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    ABSTRACT: A 3 day old infant with persistent severe hypoglycemia was found to have a cystic pancreatic tumor. Cessation of glucose infusion led to severe hypoglycemia. Pancreaticoduodenectomy was performed and revealed an intraductal papillary mucinous neoplasm (IPMN) with high-grade dysplasia. Sequencing of the IPMN revealed a KRAS gene mutation not present in surrounding normal tissues. Deep sequencing of the patient’s blood for KRAS mutations showed no evidence of mosaicism. Whole exome sequencing of the blood of the patient and both parents revealed a de novo germline SKIL mutation in the child that was not present in either parent. This suggests a possible role for SKIL in the pathogenesis of pancreatic tumors.
    Pancreatology 10/2014; · 2.04 Impact Factor
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    ABSTRACT: Neurofibromatosis 1 is a hereditary syndrome characterized by the development of numerous benign neurofibromas, a small subset of which progress to malignant peripheral nerve sheath tumors (MPNSTs). To better understand the genetic basis for MPNSTs, we performed genome-wide or targeted sequencing on 50 cases. Sixteen MPNSTs but none of the neurofibromas tested were found to have somatic mutations in SUZ12, implicating it as having a central role in malignant transformation.
    Nature genetics. 10/2014;
  • Ralph H Hruban, David S Klimstra
    Seminars in Diagnostic Pathology 09/2014; · 1.62 Impact Factor
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    ABSTRACT: Pancreatic ductal adenocarcinoma (PDAC) is nearly uniformly lethal, with a median overall survival in 2014 of only 6 months. The genetic progression of sporadic PDAC (SPC) is well established, with common somatic alterations in KRAS, p16/CDKN2A, TP53, and SMAD4/DPC4. Up to 10 % of all PDAC cases occur in families with two or more affected first-degree relatives (familial pancreatic cancer, FPC), but these cases do not appear to present at an obviously earlier age of onset. This is unusual because most familial cancer syndrome patients present at a substantially younger age than that of corresponding sporadic cases. Here we collated the reported age of onset for FPC and SPC from the literature. We then used an integrated approach including whole exomic sequencing, whole genome sequencing, RNA sequencing, and high density SNP microarrays to study a cohort of FPC cell lines and corresponding germline samples. We show that the four major SPC driver genes are also consistently altered in FPC and that each of the four detection strategies was able to detect the mutations in these genes, with one exception. We conclude that FPC undergoes a similar somatic molecular pathogenesis as SPC, and that the same gene targets can be used for early detection and minimal residual disease testing in FPC patients.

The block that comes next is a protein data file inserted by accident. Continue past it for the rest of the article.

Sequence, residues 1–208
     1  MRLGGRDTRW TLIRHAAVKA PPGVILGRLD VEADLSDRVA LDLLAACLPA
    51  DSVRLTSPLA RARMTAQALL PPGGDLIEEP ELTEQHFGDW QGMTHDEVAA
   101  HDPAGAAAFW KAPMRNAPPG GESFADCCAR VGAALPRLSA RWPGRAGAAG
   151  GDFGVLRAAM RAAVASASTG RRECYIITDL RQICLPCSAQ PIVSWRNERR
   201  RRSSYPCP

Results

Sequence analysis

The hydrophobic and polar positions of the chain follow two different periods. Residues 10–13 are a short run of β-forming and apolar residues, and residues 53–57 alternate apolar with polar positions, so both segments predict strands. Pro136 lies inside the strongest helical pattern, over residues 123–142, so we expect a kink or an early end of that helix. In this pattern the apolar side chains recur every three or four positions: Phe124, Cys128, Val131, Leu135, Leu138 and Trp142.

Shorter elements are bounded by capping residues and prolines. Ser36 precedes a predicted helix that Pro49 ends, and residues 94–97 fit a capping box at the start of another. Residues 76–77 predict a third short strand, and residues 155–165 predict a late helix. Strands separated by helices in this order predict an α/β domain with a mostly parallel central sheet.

Familial Cancer 09/2014; · 1.94 Impact Factor
  • Ralph H. Hruban, David S. Klimstra
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    ABSTRACT: Infiltrating ductal adenocarcinoma of the pancreas is a real enigma. On one hand it is one of the most deadly of all of the solid malignancies. On the other, the neoplastic glands can be remarkably well-differentiated and it can be difficult to distinguish between a reactive non-neoplastic gland and a gland of invasive adenocarcinoma. In this review we will present diagnostic criteria that one can “hang your hat on” when establishing the diagnosis of infiltrating ductal adenocarcinoma of the pancreas. We will also review clinically important features of the disease, and, with the impending incorporation of molecular genetics into everyday practice, we will emphasize clinical applications of cancer genetics.